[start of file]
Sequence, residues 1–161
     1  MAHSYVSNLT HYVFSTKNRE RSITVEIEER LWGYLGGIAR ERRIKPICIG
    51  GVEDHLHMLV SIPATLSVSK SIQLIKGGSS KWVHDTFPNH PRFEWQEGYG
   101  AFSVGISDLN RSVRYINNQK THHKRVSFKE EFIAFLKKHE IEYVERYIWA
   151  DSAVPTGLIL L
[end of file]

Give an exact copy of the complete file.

Sequence, residues 1–161
     1  MAHSYVSNLT HYVFSTKNRE RSITVEIEER LWGYLGGIAR ERRIKPICIG
    51  GVEDHLHMLV SIPATLSVSK SIQLIKGGSS KWVHDTFPNH PRFEWQEGYG
   101  AFSVGISDLN RSVRYINNQK THHKRVSFKE EFIAFLKKHE IEYVERYIWA
   151  DSAVPTGLIL L